Hawaii's David Veikune stopped Oregon State running back Jacquizz Rodgers in his tracks. Veikune had 10 tackles, tied for the team lead.
Warriors score first, then the dam breaks
Hawaii's initial drive results in a 7-0 lead, but Oregon State responds with 45 unanswered points
CORVALLIS, Ore. » For few moments, Hawaii could do no wrong.
A defensive stop to open yesterday's game against Oregon State was followed by an efficient drive ending in a touchdown and an early lead to silence the home crowd.
But precious few things went right for the Warriors over the game's next 54 minutes.
Injuries to key offensive players piled up, as did Oregon State's point total, as the Beavers ran away to a 45-7 win in their home opener, giving their orange-clad crowd quite a bit to make noise about.
"We need to learn from this ball game, and we have a lot to learn from it because we got beat in all three phases of the game," Hawaii coach Greg McMackin said after the Warriors became the 25th straight nonconference opponent to leave Reser Stadium with a loss.
"And I give full credit to Oregon State for doing that."
The Warriors' second road loss to a BCS conference opponent went much like the first. Just as they did in their season opener against Florida, the Warriors moved the ball early and this time managed to take a 7-0 lead.
But a big play by Oregon State's special teams unit shifted the momentum, Warrior turnovers were converted into Beaver points and the lopsided outcome ensued.
Daniel Libre ran through an arm tackle by Slade Norris as Stephen Paea pursued the play. Paea led Oregon State wtih 1 1/2 tackles for loss.
Gregg Peat bear-hugged Shane Morales after Morales' 8-yard touchdown catch in the second quarter.
The Hawaii offense was held to single digits for the first time since a 69-3 defeat at Boise State in 2004, and the Warriors' total of 211 yards was the program's lowest since 1998.
"It's just embarrassing, pretty much," said UH quarterback Tyler Graunke, whose first start of the season was cut short by wrist and thumb injuries.
"They outplayed us today, but we've still got a long season ahead of us, so we have to keep our heads up."
It didn't help Hawaii's cause that starting running back Leon Wright-Jackson and left tackle Keith AhSoon went out with injuries on the Warriors' first possession and Graunke followed in the third quarter, but:
"That's not an excuse, the next guy steps up," McMackin said. "Oregon State beat us because they just played better than us. It had nothing to do with injuries."
The Beavers (1-2) rolled up 485 yards of total offense led by freshman running back Jacquizz Rodgers' 110 yards and two touchdowns. Quarterback Lyle Moevao threw for 268 yards and three scores and rushed for another.
"I thought the beautiful thing today was how our team responded after Hawaii scored the first touchdown and we just kept going," Oregon State coach Mike Riley said. "I was proud of that and hopefully those are good lessons we built into the identity of this team."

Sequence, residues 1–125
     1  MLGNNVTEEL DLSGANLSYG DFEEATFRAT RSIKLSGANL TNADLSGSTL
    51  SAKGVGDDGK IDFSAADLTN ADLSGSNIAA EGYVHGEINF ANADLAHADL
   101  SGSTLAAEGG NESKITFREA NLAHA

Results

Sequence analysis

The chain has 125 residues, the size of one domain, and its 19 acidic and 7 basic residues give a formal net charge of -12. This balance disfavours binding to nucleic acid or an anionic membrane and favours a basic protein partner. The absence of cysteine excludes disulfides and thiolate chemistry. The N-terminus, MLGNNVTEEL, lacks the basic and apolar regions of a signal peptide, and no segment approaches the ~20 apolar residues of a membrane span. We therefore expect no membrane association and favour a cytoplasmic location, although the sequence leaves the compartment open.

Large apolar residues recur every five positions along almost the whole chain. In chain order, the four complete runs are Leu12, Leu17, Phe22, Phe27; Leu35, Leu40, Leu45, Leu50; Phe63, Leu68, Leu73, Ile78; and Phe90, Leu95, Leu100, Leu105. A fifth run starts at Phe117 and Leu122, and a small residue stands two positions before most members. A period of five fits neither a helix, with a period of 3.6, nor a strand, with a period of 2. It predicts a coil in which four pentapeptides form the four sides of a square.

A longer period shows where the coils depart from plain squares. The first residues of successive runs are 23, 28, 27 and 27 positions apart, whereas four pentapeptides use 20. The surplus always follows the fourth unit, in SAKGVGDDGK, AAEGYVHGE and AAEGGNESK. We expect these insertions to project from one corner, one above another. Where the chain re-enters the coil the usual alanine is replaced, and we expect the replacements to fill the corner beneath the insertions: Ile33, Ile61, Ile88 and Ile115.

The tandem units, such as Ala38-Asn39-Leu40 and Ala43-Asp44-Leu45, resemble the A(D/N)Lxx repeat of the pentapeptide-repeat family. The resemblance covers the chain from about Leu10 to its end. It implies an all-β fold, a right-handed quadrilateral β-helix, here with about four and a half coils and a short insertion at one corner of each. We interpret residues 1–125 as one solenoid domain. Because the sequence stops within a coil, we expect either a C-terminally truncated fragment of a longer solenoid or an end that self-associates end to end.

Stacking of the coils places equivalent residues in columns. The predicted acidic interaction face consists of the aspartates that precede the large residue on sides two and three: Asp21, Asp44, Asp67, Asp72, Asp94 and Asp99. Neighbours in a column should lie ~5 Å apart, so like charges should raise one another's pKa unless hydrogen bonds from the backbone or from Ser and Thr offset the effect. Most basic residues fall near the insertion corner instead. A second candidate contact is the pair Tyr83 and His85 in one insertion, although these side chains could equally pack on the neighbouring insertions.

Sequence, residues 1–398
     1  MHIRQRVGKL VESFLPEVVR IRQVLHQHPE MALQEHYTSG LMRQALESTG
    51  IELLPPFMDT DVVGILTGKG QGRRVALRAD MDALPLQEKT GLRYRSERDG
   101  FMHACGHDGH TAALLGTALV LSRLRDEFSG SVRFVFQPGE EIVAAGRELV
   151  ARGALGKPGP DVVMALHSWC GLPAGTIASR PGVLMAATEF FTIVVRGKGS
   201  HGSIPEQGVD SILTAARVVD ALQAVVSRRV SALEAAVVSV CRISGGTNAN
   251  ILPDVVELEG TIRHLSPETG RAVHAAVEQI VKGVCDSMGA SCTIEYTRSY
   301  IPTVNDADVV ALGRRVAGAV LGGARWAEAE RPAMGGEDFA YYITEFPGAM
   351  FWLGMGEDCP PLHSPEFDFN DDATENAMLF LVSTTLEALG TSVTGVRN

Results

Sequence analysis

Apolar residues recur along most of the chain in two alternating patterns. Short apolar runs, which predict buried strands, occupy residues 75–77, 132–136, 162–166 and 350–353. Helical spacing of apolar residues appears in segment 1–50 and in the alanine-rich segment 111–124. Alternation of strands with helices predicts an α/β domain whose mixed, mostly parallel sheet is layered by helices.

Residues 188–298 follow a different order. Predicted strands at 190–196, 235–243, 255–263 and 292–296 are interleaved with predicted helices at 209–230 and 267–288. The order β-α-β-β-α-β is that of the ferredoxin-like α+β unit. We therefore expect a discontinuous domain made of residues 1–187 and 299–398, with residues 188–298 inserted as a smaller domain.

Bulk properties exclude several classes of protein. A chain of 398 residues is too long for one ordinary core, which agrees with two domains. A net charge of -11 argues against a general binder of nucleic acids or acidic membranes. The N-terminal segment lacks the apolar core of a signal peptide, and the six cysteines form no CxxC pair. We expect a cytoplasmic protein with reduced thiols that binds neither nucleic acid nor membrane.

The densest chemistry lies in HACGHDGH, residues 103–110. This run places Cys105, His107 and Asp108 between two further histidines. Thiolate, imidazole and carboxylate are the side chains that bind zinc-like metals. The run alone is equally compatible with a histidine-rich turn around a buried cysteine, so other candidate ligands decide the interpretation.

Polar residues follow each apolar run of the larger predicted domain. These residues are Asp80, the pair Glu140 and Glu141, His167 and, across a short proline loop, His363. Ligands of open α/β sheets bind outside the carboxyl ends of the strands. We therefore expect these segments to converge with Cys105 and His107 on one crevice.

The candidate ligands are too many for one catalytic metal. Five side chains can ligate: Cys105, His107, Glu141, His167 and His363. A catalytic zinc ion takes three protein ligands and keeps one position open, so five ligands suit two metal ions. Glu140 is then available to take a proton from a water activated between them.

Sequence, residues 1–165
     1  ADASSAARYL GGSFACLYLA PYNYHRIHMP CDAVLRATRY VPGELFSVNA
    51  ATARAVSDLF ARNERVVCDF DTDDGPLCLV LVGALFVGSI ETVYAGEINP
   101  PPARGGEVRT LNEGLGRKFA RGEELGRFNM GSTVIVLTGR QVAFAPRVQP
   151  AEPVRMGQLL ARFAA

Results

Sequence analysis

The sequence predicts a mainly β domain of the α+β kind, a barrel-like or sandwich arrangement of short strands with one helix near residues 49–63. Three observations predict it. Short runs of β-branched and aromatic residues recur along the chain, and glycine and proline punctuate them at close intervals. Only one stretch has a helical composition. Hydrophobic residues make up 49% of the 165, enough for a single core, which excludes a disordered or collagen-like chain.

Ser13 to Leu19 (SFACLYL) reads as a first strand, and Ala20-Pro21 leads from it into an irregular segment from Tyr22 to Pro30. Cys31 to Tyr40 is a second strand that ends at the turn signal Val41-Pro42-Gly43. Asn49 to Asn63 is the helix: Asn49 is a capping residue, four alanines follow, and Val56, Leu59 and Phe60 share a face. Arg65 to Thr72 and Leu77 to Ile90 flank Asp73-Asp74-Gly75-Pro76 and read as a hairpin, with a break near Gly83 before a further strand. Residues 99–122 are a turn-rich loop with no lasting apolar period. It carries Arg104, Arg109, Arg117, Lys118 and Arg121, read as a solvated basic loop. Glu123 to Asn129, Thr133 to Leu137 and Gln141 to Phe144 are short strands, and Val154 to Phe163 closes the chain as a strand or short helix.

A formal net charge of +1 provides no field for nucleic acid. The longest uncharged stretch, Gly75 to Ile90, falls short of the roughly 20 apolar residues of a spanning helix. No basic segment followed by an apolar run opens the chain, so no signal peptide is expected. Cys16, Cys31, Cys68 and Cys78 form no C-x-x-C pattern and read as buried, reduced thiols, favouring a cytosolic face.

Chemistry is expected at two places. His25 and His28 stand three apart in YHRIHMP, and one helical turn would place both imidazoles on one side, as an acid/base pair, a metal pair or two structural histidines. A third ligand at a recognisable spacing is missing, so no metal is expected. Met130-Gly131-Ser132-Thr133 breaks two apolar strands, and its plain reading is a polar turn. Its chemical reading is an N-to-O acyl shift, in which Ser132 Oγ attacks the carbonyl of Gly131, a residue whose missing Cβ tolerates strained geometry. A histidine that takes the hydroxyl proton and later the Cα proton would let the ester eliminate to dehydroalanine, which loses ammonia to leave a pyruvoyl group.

Jacquizz Rodgers broke past Hawaii defensive back Erik Robinson. Rodgers led Oregon State with 110 yards rushing on 26 carries.
Lyle Moevao uncorked one of his 34 passing attempts. Moevao completed 20 of them for 268 yards and three scores.
Third-down conversions were a concern for the Beavers after two road losses to open the season. Yesterday, they converted on eight of 17 attempts to sustain drives and keep the Warriors defense on the field for more than 37 minutes in the game.
Oregon State's offense ran 86 plays to Hawaii's 55 and rolled up 257 yards after halftime.
"I felt we did wear down and it's really surprising," McMackin said. "I've conditioned this team more than any team I've ever coached, but we played tired. In the second half we were a tired football team. We have to look into the reason, most of it is Oregon State outplayed us."
Graunke piloted the Warriors on a six-play, 73-yard drive that ended with Kealoha Pilares finding a hole on the left side of the Beavers defense for a 16-yard touchdown run.
But Hawaii produced one first down on its next four possessions, generating just 7 yards, and the fifth ended in an interception by Keenan Lewis.
"They played exactly what we saw on film," UH receiver Mike Washington said. "We had a game plan against that and we executed (early), but we just had too many mental breakdowns and shot ourselves in the foot."
Oregon State's Sammie Stroughter helped tilt the momentum late in the first quarter when he sliced through the Warriors punt coverage unit for a 43-yard return. The Beavers tied the game three plays later and didn't ease off the gas pedal until Moevao's 1-yard quarterback sneak capped the scoring.
"It was huge," Moevao said of Stroughter's return. "That's the type of spark he brings to the team."
While the win was especially sweet for the contingent of Hawaii-born players on the Oregon State roster, the outcome soured McMackin's return to the state where he was raised.
"That's the shame of it," he said. "I feel like we not only let down the Hawaii people, but I have a lot of friends in Oregon and I just feel bad we didn't play better."